Dinosaur Valley State Park, Glen Rose: Part II

In Part I of this exciting episode, I introduced you to my favorite state park: Dinosaur Valley, which is located just outside the town of Glen Rose, fifty miles southwest of the DFW metroplex. Not only can you camp, hike, and ride horses here, you can also enjoy the current wildlife, and look for traces of wildlife more than 100 million years dead — the dinosaurs of the park’s name. The park offers three specific areas where you can view dinosaur tracks impressed in the mudstone eroding out of the riverbed. It costs $5 each for adults over 12 to get in; kids are free.

Some of the dino tracks are submerged, like this one:

Dino Print 4

I think this one’s definitely from an Iguanodon, given the stubby three-toed shape. These, which were mostly dry, might be:

Dino Print 5

And I don’t know what the big one in the middle of this next picture is. It’s highly eroded, and while the wet portion makes it look like it has three toes, it might be the remnant of a rounded Pleurocoelus print. Or it could just be a random hole in the river bottom. What do I know?

Dino Print 6

Oh, and then there’s this:

Human footprint

Do you see why some people insist that humans were walking barefoot through the same mud our dinosaur friends were? Looks somewhat like the left footprint of a bipedal naked ape, doesn’t it? I don’t know what it really is, but it’s a single print — it’s not associated with a trackway, as many of the dino prints are, and it seems awfully wide there across the front. One thing I do want to point out is that I’m <> convinced it’s not real. It may be a deliberate fake (they’re known to exist here), or it may be a dinosaur track that just happens to look like a human print. Or, again, it may be just a depression in the riverbed that looks like a human footprint as a result of coincidental weathering. One thing I do know: humans didn’t exist 113 million years ago, back when this was the tidal flat of a shallow sea. And despite the various Christian apologists, the Earth really is about a million times older than Archbishop Ussher claimed back in the 17th century.


I first visited Dinosaur Valley about a decade ago, along with some friends and my bossy little Pomeranian, Foxy. Once of the first places we checked out was Blue Hole, a deep swimming hole in the river where scuba divers often come to test out their equipment. Once of my most vivid memories of Foxy was of her jumping in the river that day, right onto a submerged limestone shelf covered with dinosaur tracks, and then swimming out into the river as far as her leash would reach — much to my astonished annoyance and the amusement of the other tourists around us. She was a fearless little thing.

It took me a while, but I found that spot on this last trip. Unless my memory fails me, it’s a lot harder to get to today, and the whole area has suffered some serious erosion. The limestone ledge with the dino trackway is still there, though it looks like a piece of it has broken off and fallen into the deeper part of the river. Here’s what it looks like today.

Blue Hole Prints

If you look closely, you’ll see several faint prints; I’m afraid erosion has taken a toll on then in recent years. We’ve just come out of a multi-year drought, and these tracks are fragile; take them out of the water for long, and they start to crumble. Here’s a close-up of one of the tracks. I suspect this is from the Acrocanthosaurus I mentioned last time, though it could be from an Iguanodon.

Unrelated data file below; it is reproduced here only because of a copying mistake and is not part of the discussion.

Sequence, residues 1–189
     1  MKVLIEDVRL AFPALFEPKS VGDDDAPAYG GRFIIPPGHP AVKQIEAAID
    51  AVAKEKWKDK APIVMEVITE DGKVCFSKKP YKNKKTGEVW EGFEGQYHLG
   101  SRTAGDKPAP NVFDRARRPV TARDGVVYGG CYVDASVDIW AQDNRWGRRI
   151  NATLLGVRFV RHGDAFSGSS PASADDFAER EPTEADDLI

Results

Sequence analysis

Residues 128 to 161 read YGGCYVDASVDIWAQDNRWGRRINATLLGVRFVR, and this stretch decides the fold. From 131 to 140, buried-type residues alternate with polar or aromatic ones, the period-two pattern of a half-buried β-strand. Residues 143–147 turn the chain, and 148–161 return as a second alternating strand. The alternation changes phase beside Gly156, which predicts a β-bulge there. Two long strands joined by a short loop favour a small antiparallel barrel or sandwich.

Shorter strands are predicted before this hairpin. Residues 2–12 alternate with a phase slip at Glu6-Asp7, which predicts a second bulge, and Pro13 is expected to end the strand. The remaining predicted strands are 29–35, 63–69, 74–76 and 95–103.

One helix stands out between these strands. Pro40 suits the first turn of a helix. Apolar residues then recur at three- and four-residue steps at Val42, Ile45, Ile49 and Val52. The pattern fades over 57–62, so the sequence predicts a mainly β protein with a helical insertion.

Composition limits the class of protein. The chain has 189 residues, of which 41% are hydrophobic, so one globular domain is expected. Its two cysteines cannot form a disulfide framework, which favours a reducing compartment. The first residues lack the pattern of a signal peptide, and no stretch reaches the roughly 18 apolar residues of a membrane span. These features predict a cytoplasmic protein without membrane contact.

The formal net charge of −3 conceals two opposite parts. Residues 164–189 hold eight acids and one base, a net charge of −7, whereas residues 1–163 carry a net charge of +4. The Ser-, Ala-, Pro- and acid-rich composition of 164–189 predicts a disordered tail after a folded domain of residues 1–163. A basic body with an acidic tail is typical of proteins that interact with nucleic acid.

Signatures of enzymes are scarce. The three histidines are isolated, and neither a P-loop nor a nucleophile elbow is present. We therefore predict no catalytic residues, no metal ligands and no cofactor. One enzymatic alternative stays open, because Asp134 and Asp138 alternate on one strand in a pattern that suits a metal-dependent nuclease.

Dino Print 3

I was glad I found this spot, partly because it brought back some fond memories, and partly because we were able to make new memories while we were there. While I was making my way over to this location and taking my dinosaur print photos, my sister alerted me to the presence of deer in the distance, on the other side of the river. We remained very quiet, and eventually three bucks and a doe picked their way past us and crossed the river at a nearby low spot beyond Blue Hole. (Three did, anyway; the fourth decided it liked the far side of the river better).

Frankly, I was enchanted by the entire scene, and was able to get numerous photos as well as several videos of varying lengths. This one was probably the best of the long-distance bunch I got, showing one of the bucks climbing the banks. You can’t really see many details.


They were easier to capture on camera once they’d gotten to a point more or less across the river from us. They never seemed skittish, though I don’t know if they ever realized we were even there; we stayed very quiet. I’ve never been so near a group of deer, even when I was deer hunting.


Here’s a better picture of one of the bucks. They were whitetails, by the way (the only native deer in Northcentral Texas), and the antlers of the bucks were still in velvet. I wish I could have gotten some more detailed shots, but you know how I am.

Another Buck

Here’s the lone antlerless deer in the group; probably a doe, but there was no way to tell for certain at a distance. Anyway, you can see how healthy and well-fed these deer appear to be. Thanks, Mother Nature.



I went to Dinosaur Valley last weekend just to chronicle the dinosaur prints and to remind me of Foxy, who’s gone now; but the appearance of the deer, and their peaceful sharing of the early-morning river with us, just capped off the experience. I like the place more than ever now, and I have more fond memories to look back on. I’m glad I went that day, and my family and I will be back again before long — if only to scatter Foxy’s ashes, and share memories of the ornery little hellion we loved for more than ten years.

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